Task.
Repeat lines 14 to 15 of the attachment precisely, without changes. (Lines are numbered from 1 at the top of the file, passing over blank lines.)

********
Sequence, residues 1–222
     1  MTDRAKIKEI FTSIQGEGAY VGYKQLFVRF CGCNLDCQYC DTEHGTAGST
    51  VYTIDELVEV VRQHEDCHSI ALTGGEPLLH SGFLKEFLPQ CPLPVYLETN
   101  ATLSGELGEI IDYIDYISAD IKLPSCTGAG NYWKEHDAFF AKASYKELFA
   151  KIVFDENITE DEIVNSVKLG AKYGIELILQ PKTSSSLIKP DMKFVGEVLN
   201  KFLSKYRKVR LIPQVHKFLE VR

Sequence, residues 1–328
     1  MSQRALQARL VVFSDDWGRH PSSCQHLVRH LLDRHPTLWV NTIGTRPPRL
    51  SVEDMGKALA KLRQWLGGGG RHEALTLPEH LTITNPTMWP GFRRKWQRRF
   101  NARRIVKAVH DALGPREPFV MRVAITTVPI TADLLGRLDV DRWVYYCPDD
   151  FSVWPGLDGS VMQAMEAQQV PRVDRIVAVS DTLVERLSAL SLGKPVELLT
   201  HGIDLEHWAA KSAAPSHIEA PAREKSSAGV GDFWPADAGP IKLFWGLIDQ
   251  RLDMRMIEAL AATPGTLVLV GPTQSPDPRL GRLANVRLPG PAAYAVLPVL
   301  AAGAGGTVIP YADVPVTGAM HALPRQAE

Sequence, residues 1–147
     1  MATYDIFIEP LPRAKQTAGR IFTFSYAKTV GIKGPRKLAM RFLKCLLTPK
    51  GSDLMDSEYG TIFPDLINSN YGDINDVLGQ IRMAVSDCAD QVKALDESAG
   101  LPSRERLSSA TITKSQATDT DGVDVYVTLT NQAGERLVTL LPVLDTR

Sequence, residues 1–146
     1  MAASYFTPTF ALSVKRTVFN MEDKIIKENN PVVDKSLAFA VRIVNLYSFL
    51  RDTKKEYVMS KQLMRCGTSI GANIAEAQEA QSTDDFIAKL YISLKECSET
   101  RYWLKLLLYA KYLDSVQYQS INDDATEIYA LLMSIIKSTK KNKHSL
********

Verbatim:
   301  AAGAGGTVIP YADVPVTGAM HALPRQAE

Sequence, residues 1–147